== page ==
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Investigating the origin of diffuse radio emission in galaxy clusters — using radio and X-ray observations

Published onJun 01, 2020
Investigating the origin of diffuse radio emission in galaxy clusters — using radio and X-ray observations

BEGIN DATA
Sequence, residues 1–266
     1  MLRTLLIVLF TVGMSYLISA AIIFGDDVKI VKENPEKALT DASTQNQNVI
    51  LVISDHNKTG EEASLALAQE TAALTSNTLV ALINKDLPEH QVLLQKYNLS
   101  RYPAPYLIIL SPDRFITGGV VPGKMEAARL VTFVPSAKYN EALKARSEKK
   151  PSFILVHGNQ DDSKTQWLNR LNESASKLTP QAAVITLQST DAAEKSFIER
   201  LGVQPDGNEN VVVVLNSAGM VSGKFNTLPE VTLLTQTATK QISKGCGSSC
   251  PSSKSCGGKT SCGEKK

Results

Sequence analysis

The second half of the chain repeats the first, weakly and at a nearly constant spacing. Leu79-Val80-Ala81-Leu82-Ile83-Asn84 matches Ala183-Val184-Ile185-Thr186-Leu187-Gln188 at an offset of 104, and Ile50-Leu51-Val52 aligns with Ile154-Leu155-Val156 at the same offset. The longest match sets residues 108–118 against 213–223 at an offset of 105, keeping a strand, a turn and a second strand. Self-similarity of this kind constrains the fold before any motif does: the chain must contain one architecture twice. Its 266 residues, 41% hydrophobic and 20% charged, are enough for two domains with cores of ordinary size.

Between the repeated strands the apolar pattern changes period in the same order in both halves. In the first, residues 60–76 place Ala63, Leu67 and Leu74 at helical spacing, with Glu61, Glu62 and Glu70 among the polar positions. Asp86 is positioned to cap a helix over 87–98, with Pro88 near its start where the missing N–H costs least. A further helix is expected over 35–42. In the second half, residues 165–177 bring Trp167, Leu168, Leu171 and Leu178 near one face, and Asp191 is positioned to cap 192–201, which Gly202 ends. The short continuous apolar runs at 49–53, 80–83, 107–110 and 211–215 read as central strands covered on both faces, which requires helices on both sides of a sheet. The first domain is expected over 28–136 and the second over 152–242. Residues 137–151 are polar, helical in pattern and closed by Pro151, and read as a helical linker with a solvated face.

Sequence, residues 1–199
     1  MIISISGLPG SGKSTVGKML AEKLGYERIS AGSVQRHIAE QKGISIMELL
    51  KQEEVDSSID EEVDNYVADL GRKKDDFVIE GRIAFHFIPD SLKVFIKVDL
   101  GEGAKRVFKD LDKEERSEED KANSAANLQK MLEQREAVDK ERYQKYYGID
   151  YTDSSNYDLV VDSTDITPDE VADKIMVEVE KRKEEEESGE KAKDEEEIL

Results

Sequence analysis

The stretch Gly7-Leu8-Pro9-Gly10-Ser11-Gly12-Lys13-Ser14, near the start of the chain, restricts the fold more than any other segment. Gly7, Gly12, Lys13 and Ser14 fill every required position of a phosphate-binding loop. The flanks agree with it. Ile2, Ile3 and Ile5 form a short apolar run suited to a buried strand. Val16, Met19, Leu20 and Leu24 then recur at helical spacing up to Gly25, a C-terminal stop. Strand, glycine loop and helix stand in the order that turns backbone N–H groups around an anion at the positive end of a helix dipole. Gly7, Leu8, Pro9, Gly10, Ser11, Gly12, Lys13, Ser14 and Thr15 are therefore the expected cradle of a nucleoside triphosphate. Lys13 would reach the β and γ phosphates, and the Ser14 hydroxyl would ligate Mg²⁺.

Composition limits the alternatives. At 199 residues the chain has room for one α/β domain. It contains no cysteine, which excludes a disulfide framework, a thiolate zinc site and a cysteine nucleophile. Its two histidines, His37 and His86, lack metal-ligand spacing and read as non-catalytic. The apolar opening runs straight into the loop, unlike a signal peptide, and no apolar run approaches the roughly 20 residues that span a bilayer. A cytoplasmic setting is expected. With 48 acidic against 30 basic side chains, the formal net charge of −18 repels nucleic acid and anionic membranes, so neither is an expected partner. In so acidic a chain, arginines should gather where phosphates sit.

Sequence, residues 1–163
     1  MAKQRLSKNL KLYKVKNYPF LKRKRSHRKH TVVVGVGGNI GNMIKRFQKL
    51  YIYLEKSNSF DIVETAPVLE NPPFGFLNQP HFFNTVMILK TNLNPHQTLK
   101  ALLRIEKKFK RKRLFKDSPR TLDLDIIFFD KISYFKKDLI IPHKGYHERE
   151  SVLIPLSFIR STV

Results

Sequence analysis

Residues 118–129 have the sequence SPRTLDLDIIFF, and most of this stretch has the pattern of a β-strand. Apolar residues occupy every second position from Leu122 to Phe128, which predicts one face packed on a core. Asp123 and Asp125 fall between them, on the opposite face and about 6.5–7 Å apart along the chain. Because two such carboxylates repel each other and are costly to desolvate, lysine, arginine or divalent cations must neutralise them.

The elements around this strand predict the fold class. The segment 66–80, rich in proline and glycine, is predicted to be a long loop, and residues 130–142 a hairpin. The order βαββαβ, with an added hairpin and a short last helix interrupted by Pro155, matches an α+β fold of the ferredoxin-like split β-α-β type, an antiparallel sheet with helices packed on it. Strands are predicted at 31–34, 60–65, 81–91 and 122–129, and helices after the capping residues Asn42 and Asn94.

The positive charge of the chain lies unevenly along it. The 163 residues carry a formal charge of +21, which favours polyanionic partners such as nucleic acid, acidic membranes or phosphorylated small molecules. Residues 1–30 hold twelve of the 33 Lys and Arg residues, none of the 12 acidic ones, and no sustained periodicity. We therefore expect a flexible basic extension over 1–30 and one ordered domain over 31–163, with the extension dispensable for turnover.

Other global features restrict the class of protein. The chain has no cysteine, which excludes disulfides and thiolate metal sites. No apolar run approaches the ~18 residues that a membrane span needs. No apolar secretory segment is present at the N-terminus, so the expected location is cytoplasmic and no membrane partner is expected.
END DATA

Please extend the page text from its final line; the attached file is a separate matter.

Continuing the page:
Galaxy clusters, the largest gravitationally bound objects in the Universe, are assembled through major and minor mergers with other galaxy clusters. Major mergers are the most energetic events since the Big Bang and release vast amounts of energy, as much as 1064 ergs. Cluster mergers stir the intracluster medium creating shocks and turbulence, which are illuminated by diffuse radio features called halos, relics, and radio phoenixes. However, shocks and turbulences are detected via signatures in the thermal X-ray emission, e.g., temperature jumps, surface brightness inhomogeneities. Disturbed morphologies in X-ray surface brightness and temperatures are direct evidence for cluster mergers. Therefore, the study of both the X-ray and radio observations can lead to a deeper understanding of the origin of diffuse radio emissions in the galaxy clusters. Here, we present results from multi-wavelength (radio and X-ray) observations of two merging galaxy clusters AS1063 and A85. We produce high fidelity X-Ray temperature maps for both the clusters using the adaptive circular binning (ACB) technique from Chandra X-ray archival data. We report a giant radio halo (using 325 MHz GMRT data) in AS1063. Our detailed analysis has revealed that AS1063 experienced a recent merger, which partially disturbed a weak cool core and formed a moderately disturbed non-cool-core cluster by creating cluster-wide turbulence, which is re-accelerating the relativistic electrons, potentially causing in the formation of the observed radio halo. In A85, low-frequency GMRT observations (325 MHz) have revealed a complex and filamentary diffuse radio phoenix at the place of the infalling southwest subcluster. We also detect an X-ray shock near to the radio phoenix. For the first time, we find the observational evidence of the possible connection between an X-ray shock and the radio phoenix in A85.

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